There’s still time to nominate local icons for Best of D.C.
Mountain – Mount Vernon United Methodist Church
Friday, July 18 at 10:30 p.m.
Sunday, July 20 at 6:15 p.m.
Thursday, July 24 at 8:15 p.m.
Saturday, July 26 at 10:45 p.m.
They say: He is the gleaming demon of our dreams. His capacity to love exceeds ours. He loves with the force of gravity. He promises eternal life and calls upon us to drink his blood. He is God. He is Dracula.
Joshua’s Take: Think you’ve had your fill of Dracula revisions? I thought so too. American culture hit peak vampire in 2008, when the last Twilight book was published, the movie franchise was unleashed, and the world financial system collapsed as a direct consequence. So I came to Dracula. A Love Story. (sic) with a deep feeling of skepticism. Aren’t “vampire story” and “love story” two genres that have been mashed-up to a pulp at this point? Isn’t Dracula typically played as gothic romance anyways? And shouldn’t there be a freakin’ colon in the name of this show? But despite my reservations, I found this Dracula to be an enjoyable synthesis of self-conscious camp and genuinely engrossing supernatural drama.
And that is no easy feat. Every adaptation of Dracula needs a few in-jokes and nods to earlier incarnations, but too many spoil the fantasy. The Count and his enraptured victims absolutely must wax poetic about the usual vampire stuff (blood, the night, hunger, et cetera), but botch the delivery and it elicits unwanted laughter. Happily, the performers in A Love Story know when to let the audience in on the joke and when to play it straight.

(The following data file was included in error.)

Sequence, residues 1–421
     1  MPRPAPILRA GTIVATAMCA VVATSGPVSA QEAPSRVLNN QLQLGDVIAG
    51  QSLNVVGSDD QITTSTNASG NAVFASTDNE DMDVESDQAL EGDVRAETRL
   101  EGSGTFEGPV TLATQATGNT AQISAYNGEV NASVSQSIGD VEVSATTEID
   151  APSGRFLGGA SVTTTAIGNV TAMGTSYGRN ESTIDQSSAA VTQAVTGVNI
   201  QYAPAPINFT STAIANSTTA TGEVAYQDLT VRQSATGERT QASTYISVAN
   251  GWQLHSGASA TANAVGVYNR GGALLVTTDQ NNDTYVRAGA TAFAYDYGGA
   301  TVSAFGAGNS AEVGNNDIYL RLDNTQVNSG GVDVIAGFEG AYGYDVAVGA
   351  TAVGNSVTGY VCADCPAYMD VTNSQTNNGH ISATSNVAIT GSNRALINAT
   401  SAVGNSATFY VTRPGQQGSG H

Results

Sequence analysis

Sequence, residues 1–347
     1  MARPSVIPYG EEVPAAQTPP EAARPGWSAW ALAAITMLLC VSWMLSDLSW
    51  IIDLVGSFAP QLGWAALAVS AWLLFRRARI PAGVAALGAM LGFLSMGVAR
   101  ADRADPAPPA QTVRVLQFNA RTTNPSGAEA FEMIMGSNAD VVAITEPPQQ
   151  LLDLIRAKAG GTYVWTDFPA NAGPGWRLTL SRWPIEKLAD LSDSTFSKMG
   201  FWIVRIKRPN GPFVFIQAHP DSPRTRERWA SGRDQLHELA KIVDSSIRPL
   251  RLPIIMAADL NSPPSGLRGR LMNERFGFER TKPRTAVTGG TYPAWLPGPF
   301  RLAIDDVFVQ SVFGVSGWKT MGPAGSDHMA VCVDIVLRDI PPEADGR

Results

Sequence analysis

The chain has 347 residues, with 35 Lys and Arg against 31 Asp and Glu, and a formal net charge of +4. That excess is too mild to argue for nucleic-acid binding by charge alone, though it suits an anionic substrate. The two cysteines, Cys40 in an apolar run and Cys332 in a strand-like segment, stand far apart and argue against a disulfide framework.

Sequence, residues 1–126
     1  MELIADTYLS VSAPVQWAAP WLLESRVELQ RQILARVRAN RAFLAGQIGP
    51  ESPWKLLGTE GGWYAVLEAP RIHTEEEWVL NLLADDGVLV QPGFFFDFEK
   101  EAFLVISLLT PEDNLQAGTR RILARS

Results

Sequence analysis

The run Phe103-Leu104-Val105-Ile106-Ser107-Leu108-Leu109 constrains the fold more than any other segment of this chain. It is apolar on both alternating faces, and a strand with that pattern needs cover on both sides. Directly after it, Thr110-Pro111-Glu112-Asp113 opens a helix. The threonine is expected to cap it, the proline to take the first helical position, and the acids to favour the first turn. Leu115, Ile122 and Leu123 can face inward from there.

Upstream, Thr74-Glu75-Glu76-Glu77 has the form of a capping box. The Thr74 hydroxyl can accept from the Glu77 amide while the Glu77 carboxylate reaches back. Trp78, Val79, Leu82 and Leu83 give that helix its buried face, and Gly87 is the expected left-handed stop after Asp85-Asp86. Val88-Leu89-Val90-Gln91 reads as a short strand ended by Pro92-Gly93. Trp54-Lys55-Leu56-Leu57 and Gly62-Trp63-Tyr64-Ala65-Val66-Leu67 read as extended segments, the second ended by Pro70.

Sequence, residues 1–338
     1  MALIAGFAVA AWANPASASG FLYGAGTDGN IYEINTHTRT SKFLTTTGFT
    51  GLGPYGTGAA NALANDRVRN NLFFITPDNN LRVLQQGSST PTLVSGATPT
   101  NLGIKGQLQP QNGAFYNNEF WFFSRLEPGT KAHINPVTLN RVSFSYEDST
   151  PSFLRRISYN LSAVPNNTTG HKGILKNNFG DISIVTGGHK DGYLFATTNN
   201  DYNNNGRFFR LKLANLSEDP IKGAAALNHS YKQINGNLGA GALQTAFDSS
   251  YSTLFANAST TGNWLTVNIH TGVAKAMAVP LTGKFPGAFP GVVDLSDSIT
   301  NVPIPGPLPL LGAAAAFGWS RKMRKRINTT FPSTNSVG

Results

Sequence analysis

Playwright Tim Treanor (a senior writer for DC Theatre Scene), along with directors Christopher Henley and Jay Hardee, often allow their characters to fly off on grandiloquent Victorian reveries. But just when they reach the point of melodramatic excess, another character’s wisecrack or an unexpectedly quotidian reference snaps the action back to Earth. Early on, Lucy Cervas (Carolyn Kashner) politely declines the hospitality of charming-but-creepy D.C. lobbyist Vlad Tepes (Lee Ordeman) with a spin on the famous line from the Tod Browning film: “I never drink… wine. I’m allergic to the sulfites.” Meanwhile, Tepes himself, despite being a semi-immortal demon who hung out with Jesus of Nazareth and brutally impaled scores of Ottoman Turks, still likes to kick back with a Bud Light and play Xbox.
Dracula: A Love Story (there, I fixed it) delivers most of the story beats we expect from countless films, plays, TV shows, and comic books, but with a few comedic twists and a couple surprisingly bleak ones. This game, of manipulating audience expectations before finally satisfying them, is one the show plays well, at least until its final moments. I’m guessing that a sizable chunk of the audience will find A Love Story’s grim ending a bit tone-deaf. Yes, it’s a dark turn for a production that’s principal strength is that it never takes itself too seriously (which is itself a way of being serious, especially in the realm of fantasy). But I welcomed it. We in the theater shouldn’t need a happy ending to have a good time.
See it if: You have an undying thirst for well-told vampire tales.
Skip it if: You are Salon senior writer Laura Miller.